“Let ’em,” he said. “We’re bug people, not doctors. These folks need to go see a dermatologist doctor. This ain’t no bug problem. Simple as that.”

After a long minute, MJ answered. “I guess you’re right. “Let’s go. I’ll tell them we’re going to take these samples back to the lab for closer examination and get back with them about the results.”

On the way out to their trucks, MJ stopped to face Crawley. “I really appreciate your help with this. I knew something about this case didn’t make sense, but I thought since both of them had symptoms, it had to be real. That’s why I asked you to help.”

“That’s called a folie à deux, MJ. Two crazy people, or two persons with some kind of shared delusion. One gets it first, and then somehow convinces the other one that they are also infested. Happens all the time.”

“Where in the world do you get this stuff?” MJ raised her hands. “How do you know such things?

Crawley’s eyes danced around behind his thick glasses. “Mmm.”

MJ seemed relieved. “Like I said, meet you back at the office. We can look at their samples to make sure there’s nothing in them, then I’ll call them and that’ll be the end of it. I’ll tell them this could a medical issue and they may need to see a dermatologist. If they want us to continue their general pest control services, fine. Otherwise, they can find another pest control company.”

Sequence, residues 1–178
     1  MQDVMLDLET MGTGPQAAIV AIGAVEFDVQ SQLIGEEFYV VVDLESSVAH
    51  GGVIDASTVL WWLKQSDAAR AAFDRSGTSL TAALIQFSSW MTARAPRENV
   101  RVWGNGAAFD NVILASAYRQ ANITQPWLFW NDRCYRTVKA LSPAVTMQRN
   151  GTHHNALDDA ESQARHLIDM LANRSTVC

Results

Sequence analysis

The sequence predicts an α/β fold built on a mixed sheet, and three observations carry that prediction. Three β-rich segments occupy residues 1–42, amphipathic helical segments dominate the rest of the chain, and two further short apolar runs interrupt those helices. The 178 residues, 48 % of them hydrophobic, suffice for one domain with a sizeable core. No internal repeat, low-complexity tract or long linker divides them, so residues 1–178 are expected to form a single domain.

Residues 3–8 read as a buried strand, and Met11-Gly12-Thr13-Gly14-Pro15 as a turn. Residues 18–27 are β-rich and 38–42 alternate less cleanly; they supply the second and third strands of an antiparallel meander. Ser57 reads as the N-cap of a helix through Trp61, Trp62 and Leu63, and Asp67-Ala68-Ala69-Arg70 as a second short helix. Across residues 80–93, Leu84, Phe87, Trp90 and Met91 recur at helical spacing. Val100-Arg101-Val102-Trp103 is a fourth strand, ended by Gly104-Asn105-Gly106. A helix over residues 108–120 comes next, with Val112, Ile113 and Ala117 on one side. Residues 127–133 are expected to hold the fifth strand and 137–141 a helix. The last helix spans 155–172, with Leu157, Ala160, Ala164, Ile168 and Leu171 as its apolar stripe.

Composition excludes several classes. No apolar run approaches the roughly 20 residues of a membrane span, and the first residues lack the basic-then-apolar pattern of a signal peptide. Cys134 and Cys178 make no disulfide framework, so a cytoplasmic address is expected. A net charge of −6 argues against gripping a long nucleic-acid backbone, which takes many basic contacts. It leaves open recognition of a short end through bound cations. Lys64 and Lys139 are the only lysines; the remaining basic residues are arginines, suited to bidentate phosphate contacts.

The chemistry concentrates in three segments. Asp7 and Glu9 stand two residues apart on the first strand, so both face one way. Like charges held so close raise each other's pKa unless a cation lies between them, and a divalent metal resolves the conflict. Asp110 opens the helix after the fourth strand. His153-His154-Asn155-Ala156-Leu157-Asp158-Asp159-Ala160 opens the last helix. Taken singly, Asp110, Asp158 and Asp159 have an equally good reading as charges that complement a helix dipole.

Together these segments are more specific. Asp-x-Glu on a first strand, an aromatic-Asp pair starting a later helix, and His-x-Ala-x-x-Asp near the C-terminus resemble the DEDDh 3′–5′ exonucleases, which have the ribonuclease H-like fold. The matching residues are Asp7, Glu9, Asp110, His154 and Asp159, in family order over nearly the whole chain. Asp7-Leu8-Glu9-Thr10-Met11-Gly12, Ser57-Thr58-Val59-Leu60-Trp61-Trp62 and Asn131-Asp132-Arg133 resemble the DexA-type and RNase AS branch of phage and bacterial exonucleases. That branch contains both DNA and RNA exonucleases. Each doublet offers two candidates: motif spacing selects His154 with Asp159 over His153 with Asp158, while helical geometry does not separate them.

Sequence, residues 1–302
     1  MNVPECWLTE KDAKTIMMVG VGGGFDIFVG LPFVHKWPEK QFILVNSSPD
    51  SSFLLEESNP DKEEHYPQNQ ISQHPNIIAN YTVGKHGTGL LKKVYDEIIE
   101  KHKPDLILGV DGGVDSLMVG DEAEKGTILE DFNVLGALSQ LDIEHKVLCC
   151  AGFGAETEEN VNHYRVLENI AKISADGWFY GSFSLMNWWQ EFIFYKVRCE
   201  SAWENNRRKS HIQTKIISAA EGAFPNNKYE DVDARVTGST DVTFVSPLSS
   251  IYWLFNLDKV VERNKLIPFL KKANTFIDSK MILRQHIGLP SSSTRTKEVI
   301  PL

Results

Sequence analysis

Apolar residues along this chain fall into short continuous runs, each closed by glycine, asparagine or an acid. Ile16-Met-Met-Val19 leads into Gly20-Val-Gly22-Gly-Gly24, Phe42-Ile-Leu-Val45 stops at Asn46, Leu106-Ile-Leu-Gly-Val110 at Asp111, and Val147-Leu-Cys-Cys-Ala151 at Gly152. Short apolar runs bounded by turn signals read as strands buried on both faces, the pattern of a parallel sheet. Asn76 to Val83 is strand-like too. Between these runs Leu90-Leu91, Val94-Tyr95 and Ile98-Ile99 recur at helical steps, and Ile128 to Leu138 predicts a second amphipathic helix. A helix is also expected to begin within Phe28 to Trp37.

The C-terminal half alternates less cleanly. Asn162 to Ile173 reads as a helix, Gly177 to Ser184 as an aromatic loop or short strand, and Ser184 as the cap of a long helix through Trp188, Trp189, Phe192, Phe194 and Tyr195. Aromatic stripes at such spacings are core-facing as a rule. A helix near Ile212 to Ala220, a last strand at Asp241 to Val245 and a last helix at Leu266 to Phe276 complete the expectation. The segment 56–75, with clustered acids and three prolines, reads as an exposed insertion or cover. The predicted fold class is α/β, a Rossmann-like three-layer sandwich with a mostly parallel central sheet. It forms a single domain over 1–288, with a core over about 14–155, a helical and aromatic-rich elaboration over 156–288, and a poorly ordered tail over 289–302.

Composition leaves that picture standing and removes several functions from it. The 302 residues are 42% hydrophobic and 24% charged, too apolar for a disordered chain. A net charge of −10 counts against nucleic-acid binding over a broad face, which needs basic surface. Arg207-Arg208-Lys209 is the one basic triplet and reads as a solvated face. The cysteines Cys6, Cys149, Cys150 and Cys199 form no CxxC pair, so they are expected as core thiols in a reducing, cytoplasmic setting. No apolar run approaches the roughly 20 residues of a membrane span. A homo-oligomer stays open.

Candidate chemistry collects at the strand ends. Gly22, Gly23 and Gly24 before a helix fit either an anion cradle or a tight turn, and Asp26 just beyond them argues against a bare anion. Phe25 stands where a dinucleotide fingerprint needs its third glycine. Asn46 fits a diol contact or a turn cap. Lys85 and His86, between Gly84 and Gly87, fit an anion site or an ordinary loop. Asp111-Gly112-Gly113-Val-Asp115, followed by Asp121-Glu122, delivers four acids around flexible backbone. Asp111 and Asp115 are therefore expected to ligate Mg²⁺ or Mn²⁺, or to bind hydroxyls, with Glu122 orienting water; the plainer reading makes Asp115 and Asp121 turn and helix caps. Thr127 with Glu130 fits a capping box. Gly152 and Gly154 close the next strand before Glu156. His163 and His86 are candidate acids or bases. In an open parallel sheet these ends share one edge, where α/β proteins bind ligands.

She paused, then smiled at him. “C’mon, I’ll buy you a drink at my Uncle Kelly’s pub.”

“I’m not much of a drinker.”

“Doesn’t matter. You can get a soft drink, or even milk, if you like. We can visit a while. It’ll be fun.”

Dr. Goddard is an extension medical/veterinary entomologist at Mississippi State University. He is also a PMP Hall of Famer (Class of 2012). He may be reached at jgoddard@entomology.msstate.edu.

This article is tagged with , , , and posted in Birds, featured

1 Comment on "Fiction: Crawley and the mysterious itch"

Trackback | Comments RSS Feed

  1. Rosmarie Kelly says:

    Excellent story.